Pastoral ministry brings emotional pressure, feelings of discouragement
by Don Morris, Mission USA director
The emotional health and well-being of our USMB pastors and their families is an important issue to address. I am convinced this is a problem about which few people in our churches are fully aware.
Simply put, we have several pastors, associate pastors and church planters experiencing mounting emotional pressure and feelings of discouragement. This is not a concern just in our churches but in churches all across America. According to statistics provided from studies of American pastors by Barna Research and The Fuller Institute:
- 80 percent of pastors surveyed believe pastoral ministry has negatively affected their families.
- 80 percent of pastors and 84 percent of their spouses feel unqualified and discouraged in their role as pastors.
- 90 percent of pastors said the ministry was completely different than what they thought it would be like before they entered the ministry.
- 70 percent do not have someone they consider a close friend.
- 50 percent feel so discouraged that they would leave the ministry if they could, but have no other way of making a living.
- Over 1,700 pastors left the ministry every month last year.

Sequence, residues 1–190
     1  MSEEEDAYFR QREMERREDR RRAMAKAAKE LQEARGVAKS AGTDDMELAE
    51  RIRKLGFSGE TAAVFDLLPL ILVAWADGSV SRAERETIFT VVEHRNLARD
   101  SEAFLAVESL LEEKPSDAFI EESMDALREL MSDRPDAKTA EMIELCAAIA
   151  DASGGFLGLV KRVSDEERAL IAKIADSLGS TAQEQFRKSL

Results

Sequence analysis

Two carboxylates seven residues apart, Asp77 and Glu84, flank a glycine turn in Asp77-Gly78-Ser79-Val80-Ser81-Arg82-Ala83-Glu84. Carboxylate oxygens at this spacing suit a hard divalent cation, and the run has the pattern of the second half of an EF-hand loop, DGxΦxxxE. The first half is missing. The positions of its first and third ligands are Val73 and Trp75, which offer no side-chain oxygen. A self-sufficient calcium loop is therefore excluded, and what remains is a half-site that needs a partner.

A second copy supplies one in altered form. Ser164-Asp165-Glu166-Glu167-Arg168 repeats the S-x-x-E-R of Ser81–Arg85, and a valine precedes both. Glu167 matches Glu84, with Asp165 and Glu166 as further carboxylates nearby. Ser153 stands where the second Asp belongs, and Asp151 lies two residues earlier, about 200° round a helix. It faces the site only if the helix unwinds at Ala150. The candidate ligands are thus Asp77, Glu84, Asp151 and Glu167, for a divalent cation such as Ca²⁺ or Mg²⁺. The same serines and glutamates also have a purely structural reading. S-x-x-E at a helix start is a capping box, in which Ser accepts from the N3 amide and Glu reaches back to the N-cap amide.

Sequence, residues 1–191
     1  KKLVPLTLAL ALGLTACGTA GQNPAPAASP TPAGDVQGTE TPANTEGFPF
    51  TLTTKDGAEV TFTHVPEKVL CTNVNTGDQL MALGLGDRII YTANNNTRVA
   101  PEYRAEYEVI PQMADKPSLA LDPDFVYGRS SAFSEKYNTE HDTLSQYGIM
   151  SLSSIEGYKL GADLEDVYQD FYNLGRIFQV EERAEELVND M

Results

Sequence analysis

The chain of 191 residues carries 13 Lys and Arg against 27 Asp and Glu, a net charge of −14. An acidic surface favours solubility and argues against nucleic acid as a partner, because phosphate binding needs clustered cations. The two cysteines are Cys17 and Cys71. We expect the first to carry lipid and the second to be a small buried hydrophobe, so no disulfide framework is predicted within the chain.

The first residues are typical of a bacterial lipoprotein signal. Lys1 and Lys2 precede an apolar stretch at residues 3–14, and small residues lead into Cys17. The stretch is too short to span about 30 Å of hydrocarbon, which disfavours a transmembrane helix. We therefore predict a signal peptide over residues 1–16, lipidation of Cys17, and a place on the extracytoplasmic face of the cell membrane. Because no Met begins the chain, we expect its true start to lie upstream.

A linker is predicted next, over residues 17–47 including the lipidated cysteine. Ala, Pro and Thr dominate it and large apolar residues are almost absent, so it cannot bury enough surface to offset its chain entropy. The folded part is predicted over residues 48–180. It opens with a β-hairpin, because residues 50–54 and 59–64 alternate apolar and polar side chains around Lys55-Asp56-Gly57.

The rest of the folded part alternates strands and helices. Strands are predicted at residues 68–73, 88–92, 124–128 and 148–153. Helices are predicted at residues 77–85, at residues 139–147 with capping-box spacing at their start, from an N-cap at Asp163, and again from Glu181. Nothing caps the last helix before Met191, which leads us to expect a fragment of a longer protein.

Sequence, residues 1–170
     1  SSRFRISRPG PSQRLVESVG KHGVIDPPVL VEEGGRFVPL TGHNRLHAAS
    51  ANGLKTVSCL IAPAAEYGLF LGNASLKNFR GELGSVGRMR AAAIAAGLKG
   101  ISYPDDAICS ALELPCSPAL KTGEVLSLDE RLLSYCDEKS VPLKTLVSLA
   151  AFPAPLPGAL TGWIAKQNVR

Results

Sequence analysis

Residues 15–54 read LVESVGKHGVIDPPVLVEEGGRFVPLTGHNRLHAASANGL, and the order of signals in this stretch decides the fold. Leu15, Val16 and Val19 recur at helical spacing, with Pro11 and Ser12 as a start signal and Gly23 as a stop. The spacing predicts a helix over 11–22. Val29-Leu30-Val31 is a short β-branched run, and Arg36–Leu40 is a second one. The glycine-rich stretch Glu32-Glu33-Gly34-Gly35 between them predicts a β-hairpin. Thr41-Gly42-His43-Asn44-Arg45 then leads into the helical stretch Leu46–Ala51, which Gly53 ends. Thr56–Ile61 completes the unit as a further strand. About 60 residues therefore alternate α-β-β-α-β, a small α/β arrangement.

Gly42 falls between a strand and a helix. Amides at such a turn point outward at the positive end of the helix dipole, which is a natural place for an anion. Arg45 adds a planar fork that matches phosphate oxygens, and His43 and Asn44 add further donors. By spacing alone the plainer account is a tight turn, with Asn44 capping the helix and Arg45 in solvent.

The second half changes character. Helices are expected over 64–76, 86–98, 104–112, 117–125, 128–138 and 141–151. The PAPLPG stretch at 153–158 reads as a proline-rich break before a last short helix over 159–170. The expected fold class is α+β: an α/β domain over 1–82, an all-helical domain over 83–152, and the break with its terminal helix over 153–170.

These are staggering statistics. And while there are certainly many, many pastors who are fulfilled in ministry and thoroughly enjoy what they are doing, sadly there are many who are simply struggling, often with no one knowing. What can we do about this?
I can tell you that on the national and district level we often pointedly ask our church planters questions such as: How are you doing—really? Are you and your wife doing well in your marriage, spending quality time as a family? Are you taking a day off, getting adequate rest?
If you are a leader in your church, ask your pastors the same questions. We’re also attempting to provide more tangible ministries for USMB pastors such as life-on-life coaching and connecting points with other pastors.
One of the reasons for pastoral burnout or emotional fatigue is that pastors are constantly giving of themselves. This can be extremely draining emotionally and physically over time. Pastors often do not have adequate means to refuel. So I encourage you to also make sure your pastor gets adequate time away—that your pastor is given some Sundays out of the pulpit to get extra mental and emotional rest.
And for sure, every seven years provide your pastor with an extended opportunity for a “sabbatical rest” of three months or more. Saying “Well, I don’t get a sabbatical!” does not understand the constant emotional and spiritual effort your pastor is providing for you and your church. Being a pastor, whether it’s as a lead or associate pastor or a church planter, is hard work. Let’s do all we can to take care of our spiritual shepherds. I firmly believe God will honor that!
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